No mention of CO2 uptake by corals and other limestone building creatures? Surely CO2 sequestration by limestone is more permanent than weathering rocks?

Reply to  JCalvertN(UK)
December 30, 2018 6:47 am

Reply to  David Middleton
December 30, 2018 1:48 pm

Has anyone attempted to estimate current masses and/or volumes of these carbon sequestrating rocks?
Is silicate weathering the only source of Calcium in the oceans? Surely some must come out of the mid-ocean ridges?
Anyway, what this has shown me is that there is another huge carbon sink that I hadn’t been aware of.
Not that many years ago I had been an climate alarmist (along with all the others). Back then, my main misconception had come from a David Attenborough (or similar) program in which he simplistically explained that during the Carboniferous epoch, large amounts of atmospheric carbon had been removed and sequestered in the form of coal and petroleum. He then warned, if we modern humans burned all available the coal and petroleum, ALL the carbon that had been sequestered in that epoch would be released again, atmospheric CO2 concentration would return to pre-Carboniferous levels, and so would global temperatures.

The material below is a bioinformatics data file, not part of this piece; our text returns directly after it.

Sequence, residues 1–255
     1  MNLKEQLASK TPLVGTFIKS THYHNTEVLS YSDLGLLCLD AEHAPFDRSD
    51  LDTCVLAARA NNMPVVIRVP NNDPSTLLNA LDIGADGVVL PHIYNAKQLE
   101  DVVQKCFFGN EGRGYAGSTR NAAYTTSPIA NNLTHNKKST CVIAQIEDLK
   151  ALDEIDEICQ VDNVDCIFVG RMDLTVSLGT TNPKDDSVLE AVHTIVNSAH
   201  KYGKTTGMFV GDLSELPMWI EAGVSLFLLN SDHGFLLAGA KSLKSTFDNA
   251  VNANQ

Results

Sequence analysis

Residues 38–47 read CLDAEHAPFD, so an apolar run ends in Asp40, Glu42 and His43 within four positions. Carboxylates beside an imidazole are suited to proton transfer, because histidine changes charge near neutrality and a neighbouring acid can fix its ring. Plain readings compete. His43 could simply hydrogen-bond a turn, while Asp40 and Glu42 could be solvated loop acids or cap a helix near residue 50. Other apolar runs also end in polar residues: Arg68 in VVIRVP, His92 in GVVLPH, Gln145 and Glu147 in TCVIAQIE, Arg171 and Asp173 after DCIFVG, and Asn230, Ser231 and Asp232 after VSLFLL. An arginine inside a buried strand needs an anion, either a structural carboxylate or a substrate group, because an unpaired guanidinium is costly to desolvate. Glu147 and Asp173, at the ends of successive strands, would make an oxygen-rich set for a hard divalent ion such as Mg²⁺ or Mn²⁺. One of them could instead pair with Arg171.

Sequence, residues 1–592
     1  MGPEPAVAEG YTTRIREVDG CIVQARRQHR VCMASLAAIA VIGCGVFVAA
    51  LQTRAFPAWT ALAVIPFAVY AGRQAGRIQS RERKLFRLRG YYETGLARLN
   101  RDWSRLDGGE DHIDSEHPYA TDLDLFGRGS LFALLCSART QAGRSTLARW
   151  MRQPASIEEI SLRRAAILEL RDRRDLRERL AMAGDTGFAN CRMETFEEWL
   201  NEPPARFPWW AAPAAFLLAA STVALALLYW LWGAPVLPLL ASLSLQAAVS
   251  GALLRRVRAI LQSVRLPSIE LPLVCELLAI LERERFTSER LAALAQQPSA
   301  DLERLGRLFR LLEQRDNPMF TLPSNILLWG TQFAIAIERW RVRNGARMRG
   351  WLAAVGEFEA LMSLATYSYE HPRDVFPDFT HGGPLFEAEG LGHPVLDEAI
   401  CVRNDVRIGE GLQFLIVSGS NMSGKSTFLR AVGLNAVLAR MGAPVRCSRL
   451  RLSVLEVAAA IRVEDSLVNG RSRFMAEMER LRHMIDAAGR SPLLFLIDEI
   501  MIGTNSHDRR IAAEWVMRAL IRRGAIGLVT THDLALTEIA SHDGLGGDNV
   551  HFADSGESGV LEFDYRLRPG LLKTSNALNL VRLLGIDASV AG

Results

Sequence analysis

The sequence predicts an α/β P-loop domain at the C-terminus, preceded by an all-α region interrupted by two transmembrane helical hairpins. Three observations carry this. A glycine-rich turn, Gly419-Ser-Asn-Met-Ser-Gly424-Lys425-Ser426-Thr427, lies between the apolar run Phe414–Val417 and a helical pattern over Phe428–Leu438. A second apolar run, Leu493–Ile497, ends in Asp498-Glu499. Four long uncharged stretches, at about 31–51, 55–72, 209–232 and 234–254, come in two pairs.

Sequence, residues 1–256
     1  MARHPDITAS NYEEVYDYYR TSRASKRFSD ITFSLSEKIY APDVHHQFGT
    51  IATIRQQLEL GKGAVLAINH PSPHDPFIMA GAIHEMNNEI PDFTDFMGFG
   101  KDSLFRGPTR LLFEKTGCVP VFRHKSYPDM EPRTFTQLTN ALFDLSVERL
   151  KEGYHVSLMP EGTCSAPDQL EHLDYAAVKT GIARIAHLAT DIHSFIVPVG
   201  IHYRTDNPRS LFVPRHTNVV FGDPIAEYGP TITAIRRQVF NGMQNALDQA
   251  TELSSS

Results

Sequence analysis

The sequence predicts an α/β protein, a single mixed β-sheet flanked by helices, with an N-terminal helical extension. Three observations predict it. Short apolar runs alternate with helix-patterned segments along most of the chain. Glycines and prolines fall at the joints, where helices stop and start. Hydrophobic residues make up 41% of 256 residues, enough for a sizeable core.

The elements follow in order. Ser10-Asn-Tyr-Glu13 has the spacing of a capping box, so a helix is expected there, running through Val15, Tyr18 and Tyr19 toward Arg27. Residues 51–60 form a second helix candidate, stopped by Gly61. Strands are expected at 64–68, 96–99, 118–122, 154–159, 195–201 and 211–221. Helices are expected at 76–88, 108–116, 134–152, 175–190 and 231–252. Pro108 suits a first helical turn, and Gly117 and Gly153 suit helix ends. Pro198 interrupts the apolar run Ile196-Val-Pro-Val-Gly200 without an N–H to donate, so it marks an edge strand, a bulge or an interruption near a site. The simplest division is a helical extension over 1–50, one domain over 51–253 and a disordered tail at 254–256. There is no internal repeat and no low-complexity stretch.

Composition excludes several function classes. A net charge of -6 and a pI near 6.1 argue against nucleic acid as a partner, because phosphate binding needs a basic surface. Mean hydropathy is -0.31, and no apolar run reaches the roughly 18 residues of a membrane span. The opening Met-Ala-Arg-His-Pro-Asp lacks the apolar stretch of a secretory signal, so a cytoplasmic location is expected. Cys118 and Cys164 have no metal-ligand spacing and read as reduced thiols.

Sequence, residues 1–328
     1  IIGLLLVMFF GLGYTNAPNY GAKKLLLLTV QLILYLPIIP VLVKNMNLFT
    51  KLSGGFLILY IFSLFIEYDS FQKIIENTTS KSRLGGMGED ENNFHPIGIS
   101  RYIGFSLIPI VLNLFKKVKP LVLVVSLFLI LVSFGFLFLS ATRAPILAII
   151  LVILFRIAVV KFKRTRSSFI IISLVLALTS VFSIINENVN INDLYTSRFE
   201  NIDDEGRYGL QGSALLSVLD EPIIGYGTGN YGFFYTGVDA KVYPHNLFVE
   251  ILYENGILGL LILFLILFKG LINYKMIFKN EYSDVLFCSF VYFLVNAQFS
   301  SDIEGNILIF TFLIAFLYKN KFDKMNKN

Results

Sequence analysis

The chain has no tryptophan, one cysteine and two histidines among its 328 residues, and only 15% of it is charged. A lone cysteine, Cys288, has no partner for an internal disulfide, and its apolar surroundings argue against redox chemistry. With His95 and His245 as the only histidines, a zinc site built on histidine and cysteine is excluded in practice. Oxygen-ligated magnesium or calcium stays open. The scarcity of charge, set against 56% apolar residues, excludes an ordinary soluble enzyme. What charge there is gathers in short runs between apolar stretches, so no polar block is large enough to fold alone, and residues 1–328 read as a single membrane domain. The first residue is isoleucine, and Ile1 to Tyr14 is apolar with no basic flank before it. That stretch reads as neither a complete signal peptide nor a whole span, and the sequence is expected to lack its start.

Well, I bought that story for a while – until I realised that he hadn’t mentioned such carbon stores as LIMESTONE which must be huge and will remain regardless of how much coal or oil is burned.

Clyde Spencer
Reply to  JCalvertN(UK)
December 30, 2018 2:37 pm

Yes, Attenborough left out the Cliffs of Dover (and many other places) as obvious sinks for ‘carbon.’

Reply to  Clyde Spencer